TP53-Mutated Myelodysplastic Syndrome and Acute Myeloid Leukemia: Biology, Current Therapy, and Future Directions
Daver NG., Maiti A., Kadia TM., Vyas P., Majeti R., Wei AH., Garcia-Manero G., Craddock C., Sallman DA., Kantarjian HM.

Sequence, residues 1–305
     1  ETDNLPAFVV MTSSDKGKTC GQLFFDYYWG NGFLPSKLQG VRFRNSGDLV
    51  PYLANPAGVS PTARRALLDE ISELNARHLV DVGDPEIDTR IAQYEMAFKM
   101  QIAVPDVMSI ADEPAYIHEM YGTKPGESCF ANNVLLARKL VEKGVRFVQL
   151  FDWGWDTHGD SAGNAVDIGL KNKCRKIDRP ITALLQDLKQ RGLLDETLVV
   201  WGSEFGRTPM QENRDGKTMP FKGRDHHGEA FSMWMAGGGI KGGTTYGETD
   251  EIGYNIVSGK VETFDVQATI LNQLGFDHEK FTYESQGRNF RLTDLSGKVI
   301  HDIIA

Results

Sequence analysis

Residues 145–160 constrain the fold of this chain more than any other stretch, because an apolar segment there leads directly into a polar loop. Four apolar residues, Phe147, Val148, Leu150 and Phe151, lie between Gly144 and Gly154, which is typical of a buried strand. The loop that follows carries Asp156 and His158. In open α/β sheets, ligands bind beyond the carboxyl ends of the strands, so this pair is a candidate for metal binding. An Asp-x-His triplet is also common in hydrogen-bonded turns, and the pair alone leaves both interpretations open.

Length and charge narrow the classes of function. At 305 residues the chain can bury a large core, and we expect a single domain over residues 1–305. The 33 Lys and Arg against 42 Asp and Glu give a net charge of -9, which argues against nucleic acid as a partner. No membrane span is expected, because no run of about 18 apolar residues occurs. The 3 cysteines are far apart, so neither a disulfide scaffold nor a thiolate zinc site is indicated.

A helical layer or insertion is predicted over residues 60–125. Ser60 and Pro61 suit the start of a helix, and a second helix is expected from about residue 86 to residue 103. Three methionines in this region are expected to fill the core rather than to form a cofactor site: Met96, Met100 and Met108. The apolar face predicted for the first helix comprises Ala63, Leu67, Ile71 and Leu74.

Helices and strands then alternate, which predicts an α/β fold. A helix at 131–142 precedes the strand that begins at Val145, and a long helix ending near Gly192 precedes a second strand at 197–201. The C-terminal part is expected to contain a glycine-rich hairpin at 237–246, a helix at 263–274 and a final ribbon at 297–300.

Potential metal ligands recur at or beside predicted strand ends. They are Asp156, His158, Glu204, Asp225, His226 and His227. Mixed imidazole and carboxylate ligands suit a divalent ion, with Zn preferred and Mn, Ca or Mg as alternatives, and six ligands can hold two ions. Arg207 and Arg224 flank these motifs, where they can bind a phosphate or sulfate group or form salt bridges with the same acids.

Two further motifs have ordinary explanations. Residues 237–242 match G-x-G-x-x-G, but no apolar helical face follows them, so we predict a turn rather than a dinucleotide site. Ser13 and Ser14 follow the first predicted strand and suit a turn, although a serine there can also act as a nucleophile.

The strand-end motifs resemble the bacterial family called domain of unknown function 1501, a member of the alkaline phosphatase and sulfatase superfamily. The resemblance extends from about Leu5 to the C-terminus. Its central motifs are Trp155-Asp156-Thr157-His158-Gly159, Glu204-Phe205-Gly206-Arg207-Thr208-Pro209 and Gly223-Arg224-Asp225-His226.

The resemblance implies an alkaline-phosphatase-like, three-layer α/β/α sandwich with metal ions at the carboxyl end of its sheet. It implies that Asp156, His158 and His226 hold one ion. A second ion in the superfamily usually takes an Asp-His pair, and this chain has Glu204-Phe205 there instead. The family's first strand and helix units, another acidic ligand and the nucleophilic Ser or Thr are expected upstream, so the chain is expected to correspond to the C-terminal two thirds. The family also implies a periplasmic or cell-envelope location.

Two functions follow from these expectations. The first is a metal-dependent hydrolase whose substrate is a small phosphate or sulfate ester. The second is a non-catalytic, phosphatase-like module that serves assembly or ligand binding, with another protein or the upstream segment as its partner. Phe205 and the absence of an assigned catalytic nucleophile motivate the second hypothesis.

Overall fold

Abstract TP53-mutated myelodysplastic syndrome (MDS) and acute myeloid leukemia (AML) form a distinct group of myeloid disorders with dismal outcomes. TP53-mutated MDS and AML have lower response rates to either induction chemotherapy, hypomethylating agent–based regimens, or venetoclax-based therapies compared with non–TP53-mutated counterparts and a poor median overall survival of 5 to 10 months. Recent advances have identified novel pathogenic mechanisms in TP53-mutated myeloid malignancies, which have the potential to improve treatment strategies in this distinct clinical subgroup. In this review, we discuss recent insights into the biology of TP53-mutated MDS/AML, current treatments, and emerging therapies, including immunotherapeutic and nonimmune-based approaches for this entity. Significance: Emerging data on the impact of cytogenetic aberrations, TP53 allelic burden, immunobiology, and tumor microenvironment of TP53-mutated MDS and AML are further unraveling the complexity of this disease. An improved understanding of the functional consequences of TP53 mutations and immune dysregulation in TP53-mutated AML/MDS coupled with dismal outcomes has resulted in a shift from the use of cytotoxic and hypomethylating agent–based therapies to novel immune and nonimmune strategies for the treatment of this entity. It is hoped that these novel, rationally designed combinations will improve outcomes in this area of significant unmet need.